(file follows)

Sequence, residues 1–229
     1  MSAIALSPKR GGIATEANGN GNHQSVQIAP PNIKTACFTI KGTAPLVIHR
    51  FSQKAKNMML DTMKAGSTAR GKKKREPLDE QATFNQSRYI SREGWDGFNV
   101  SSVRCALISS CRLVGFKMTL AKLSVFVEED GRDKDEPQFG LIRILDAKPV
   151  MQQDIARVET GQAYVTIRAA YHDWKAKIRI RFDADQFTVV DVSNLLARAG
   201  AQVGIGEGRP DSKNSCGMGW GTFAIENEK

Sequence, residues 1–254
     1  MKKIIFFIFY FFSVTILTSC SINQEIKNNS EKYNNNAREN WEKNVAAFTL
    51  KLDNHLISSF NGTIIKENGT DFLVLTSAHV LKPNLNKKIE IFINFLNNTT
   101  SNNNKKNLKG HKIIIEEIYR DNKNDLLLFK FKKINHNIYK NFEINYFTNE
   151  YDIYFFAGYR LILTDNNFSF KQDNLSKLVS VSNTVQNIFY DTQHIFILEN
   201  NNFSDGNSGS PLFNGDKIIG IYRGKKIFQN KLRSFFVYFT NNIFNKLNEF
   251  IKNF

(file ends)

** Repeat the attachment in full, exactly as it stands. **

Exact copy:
Sequence, residues 1–229
     1  MSAIALSPKR GGIATEANGN GNHQSVQIAP PNIKTACFTI KGTAPLVIHR
    51  FSQKAKNMML DTMKAGSTAR GKKKREPLDE QATFNQSRYI SREGWDGFNV
   101  SSVRCALISS CRLVGFKMTL AKLSVFVEED GRDKDEPQFG LIRILDAKPV
   151  MQQDIARVET GQAYVTIRAA YHDWKAKIRI RFDADQFTVV DVSNLLARAG
   201  AQVGIGEGRP DSKNSCGMGW GTFAIENEK

Sequence, residues 1–254
     1  MKKIIFFIFY FFSVTILTSC SINQEIKNNS EKYNNNAREN WEKNVAAFTL
    51  KLDNHLISSF NGTIIKENGT DFLVLTSAHV LKPNLNKKIE IFINFLNNTT
   101  SNNNKKNLKG HKIIIEEIYR DNKNDLLLFK FKKINHNIYK NFEINYFTNE
   151  YDIYFFAGYR LILTDNNFSF KQDNLSKLVS VSNTVQNIFY DTQHIFILEN
   201  NNFSDGNSGS PLFNGDKIIG IYRGKKIFQN KLRSFFVYFT NNIFNKLNEF
   251  IKNF